A young Air Force veteran who moved to Springboro last fall is running against a veteran local politician and small businessman in Franklin for the 62nd District seat in the Ohio House of Representatives.
Samuel Ronan, 26, is running against Scott Lipps, 59, for the seat representing Springboro, Franklin, Waynesville and Carlisle, as well as Clearcreek, Hamilton and Salem townships.
Even Ronan, a Democratic candidate in his first run for office, acknowledges he is unlikely to win the race in this Republican stronghold.
“He doesn’t have to do a thing. He could stay home and fingerpaint,” Ronan said during an interview at the Saxbys coffee shop in Springboro. “Even though its an uphill struggle, it’s something I still want to pursue.”
Lipps, the Republican candidate, is the former Franklin mayor and also served as a councilman in Franklin.
He owns Sleep Tite Mattress Factory in Franklin and boasts a list of prominent local Republican supporters including Ron Maag, the incumbent unable to seek reelection due to term limits.
He narrowly survived a hard-fought three-way race in the GOP primary, but said he and Ronan were on good terms.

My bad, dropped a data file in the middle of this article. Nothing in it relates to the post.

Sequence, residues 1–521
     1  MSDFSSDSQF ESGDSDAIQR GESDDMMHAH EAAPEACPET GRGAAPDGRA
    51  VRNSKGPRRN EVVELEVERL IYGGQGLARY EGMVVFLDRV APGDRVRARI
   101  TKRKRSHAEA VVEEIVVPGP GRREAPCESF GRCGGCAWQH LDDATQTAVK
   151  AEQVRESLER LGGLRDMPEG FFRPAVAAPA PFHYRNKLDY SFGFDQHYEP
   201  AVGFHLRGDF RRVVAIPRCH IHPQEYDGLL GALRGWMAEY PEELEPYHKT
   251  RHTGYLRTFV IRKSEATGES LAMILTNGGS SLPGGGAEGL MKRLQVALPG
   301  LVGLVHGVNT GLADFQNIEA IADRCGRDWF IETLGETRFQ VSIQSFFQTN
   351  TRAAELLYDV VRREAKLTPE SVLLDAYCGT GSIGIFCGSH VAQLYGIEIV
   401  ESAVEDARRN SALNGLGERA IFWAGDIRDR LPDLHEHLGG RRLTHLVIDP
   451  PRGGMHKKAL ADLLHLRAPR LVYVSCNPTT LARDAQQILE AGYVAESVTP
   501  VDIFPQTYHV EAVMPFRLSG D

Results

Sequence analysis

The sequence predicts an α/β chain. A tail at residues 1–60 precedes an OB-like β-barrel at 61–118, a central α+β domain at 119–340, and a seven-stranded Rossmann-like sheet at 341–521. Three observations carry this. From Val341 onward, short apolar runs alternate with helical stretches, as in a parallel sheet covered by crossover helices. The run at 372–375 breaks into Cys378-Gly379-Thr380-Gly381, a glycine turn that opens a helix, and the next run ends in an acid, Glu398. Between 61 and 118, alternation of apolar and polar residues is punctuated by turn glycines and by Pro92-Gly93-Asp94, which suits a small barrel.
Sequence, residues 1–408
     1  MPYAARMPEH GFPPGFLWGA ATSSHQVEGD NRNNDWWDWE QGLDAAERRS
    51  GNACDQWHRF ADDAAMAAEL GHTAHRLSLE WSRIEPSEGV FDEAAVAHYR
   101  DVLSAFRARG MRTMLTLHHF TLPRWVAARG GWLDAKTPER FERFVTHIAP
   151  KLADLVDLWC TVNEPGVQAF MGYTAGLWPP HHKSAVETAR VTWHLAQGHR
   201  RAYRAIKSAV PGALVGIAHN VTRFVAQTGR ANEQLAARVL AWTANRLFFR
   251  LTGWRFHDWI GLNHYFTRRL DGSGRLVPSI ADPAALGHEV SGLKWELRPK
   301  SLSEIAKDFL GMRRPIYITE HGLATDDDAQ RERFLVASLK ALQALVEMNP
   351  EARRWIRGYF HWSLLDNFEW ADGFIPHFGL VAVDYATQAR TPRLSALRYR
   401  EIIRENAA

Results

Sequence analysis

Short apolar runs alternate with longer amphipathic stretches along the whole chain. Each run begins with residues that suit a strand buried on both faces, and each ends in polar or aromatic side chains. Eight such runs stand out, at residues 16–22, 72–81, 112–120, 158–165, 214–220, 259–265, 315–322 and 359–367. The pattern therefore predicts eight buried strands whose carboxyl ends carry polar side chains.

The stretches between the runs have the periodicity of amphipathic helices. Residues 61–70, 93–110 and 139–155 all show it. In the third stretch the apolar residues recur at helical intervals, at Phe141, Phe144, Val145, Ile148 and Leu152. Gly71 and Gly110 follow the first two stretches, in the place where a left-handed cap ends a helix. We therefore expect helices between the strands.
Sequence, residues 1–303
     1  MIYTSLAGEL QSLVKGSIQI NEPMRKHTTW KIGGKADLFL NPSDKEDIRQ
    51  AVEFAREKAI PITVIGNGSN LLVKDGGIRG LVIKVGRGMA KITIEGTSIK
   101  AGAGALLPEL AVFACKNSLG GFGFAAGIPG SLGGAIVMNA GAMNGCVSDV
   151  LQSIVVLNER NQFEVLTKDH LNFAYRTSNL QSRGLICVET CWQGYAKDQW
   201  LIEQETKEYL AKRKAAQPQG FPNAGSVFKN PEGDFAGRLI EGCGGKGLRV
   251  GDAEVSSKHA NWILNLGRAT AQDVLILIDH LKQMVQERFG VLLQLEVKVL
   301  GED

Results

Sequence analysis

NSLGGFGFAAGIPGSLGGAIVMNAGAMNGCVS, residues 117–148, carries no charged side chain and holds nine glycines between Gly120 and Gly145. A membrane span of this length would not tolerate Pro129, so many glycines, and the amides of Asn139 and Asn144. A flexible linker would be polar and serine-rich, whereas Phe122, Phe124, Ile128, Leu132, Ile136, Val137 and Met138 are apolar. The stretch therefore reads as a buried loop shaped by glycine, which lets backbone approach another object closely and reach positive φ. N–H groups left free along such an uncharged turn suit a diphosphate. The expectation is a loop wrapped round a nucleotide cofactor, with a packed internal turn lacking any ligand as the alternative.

“I didn’t run against an opponent this time. I am running this time to better understand the district,” Lipps said, seated in the showroom of his business.
Still Lipps had a 40-person volunteer team to help him put up signs, prepare campaign literature, including pieces aimed to get early voters’ attention.
Ronan estimates he has knocked on 15,000 doors and posted signs himself, except one day recently when a volunteer from the local Democratic Party lent a hand.
They do differ on health care, Lipps intent on dismantling Obamacare to take pressure off small business, while Ronan supports a single-payer system.
Lipps, a gun rights advocate, said voters should pick him because “my values fit the district’s values.”
Since the primary, he estimated his campaign has raised and spent about $25,000. House Speaker Cliff Rosenberger came to a recent fund-raiser at the home of Maynard and Stella Hagemeyer, a popular Republican couple.
Ronan said he got political after the government shutdown in 2013 left him and others in the military unsure if they would be getting paychecks.
He estimated contributions at $270, not counting $6,000 of my own income,” much spent advertising on Facebook.
“I want to show people I can be an average Joe and still succeed in politics,” he said. “It’s time for my generation to pick up the reigns of leadership.”